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Uranium Radiation Exposure

(last updated 14 Jan 2022)

These pages provide information needed for an assessment of typical exposure situations to radiation from uranium.


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Human tissue exposed to radiation may develop cancer. The radiation from each of the nuclides present in the uranium decay series affects the human health in a different way, depending on:

The activity and composition of the nuclides present may even change with time, due to transportation or migration processes, as well as from decay or ingrowth of nuclides. This is of particular concern, since each of the uranium decay series contains a gazeous member - a nuclide of radon.

For each nuclide and for each exposure situation, dose coefficients are available which allow to determine the radiation dose resulting from exposure to a certain amount of activity. At present, the dose coefficients of ICRP60/61 (1990) are widely used, while revised dose coefficients have been presented for workers in ICRP68 (1995) and for the public in ICRP72 (1997). The ICRP68/72 dose factors show significant differences from those in ICRP60/61: The new inhalation dose factors for uranium and thorium are about a factor of 4 lower, and for actinium a factor 2 lower, while the new ingestion dose factors are slightly higher. The dose coefficients for workers were again revised in ICRP137/141 (2017/2019).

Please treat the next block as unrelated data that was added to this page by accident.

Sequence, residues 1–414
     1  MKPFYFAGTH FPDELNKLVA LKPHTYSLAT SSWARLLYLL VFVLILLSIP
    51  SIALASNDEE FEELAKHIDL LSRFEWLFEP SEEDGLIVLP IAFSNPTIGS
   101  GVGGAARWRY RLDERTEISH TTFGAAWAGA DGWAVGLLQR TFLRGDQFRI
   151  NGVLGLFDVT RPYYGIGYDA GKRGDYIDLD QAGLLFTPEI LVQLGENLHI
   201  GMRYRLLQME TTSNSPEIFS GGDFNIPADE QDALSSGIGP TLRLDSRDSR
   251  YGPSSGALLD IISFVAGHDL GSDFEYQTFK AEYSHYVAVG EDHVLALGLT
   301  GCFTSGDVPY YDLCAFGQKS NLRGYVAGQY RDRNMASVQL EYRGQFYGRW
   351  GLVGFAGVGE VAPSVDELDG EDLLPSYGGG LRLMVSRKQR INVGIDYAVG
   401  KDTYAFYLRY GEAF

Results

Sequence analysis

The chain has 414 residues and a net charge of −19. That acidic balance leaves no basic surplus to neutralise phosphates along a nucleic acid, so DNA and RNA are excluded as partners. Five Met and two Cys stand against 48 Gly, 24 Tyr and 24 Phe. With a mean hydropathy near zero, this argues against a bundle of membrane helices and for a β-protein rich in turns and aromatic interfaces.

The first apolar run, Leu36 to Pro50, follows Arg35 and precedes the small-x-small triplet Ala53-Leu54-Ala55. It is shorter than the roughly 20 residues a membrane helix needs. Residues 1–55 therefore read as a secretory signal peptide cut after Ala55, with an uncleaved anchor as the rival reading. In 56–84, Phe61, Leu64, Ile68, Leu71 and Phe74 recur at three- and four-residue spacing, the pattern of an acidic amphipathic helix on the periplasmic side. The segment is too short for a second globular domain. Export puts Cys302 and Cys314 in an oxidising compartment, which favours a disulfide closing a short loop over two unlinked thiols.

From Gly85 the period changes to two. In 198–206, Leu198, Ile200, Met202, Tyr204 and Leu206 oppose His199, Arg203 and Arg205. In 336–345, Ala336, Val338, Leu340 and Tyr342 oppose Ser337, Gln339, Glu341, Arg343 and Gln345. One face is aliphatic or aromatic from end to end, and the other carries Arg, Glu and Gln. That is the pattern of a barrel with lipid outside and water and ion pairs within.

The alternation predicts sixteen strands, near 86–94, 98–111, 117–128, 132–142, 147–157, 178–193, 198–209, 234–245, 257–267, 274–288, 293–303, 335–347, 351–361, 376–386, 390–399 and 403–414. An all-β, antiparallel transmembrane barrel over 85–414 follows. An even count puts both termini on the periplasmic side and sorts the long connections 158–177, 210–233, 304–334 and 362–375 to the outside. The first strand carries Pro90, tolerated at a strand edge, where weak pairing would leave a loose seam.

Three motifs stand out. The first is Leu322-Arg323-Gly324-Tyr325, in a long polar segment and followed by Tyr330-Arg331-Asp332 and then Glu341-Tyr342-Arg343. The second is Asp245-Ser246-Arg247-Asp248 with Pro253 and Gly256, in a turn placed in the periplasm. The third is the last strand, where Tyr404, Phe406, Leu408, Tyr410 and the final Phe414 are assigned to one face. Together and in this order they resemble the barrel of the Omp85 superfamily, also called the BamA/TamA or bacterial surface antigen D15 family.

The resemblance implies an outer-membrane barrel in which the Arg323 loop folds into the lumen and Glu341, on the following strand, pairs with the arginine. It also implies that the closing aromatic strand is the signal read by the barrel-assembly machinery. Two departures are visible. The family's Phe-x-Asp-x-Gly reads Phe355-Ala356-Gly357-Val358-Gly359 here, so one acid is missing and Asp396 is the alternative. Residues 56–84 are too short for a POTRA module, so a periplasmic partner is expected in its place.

For an analysis of the health hazards resulting from exposure to uranium and/or its decay products, a number of assessments has to be done for each specific exposure situation:

The following pages compile this information for a number of typical exposure situations for uranium industry workers and residents living near uranium industry facilities, for denture containing uranium, household items containing uranium, depleted uranium counterweights and depleted uranium weapons.

*) In cases, where radionuclide concentrations cannot be measured, mathematical modeling has to be performed to obtain concentration estimates resulting from the emissions of the facility of interest. For a selection of suitable free software packages, see Dose modeling software.

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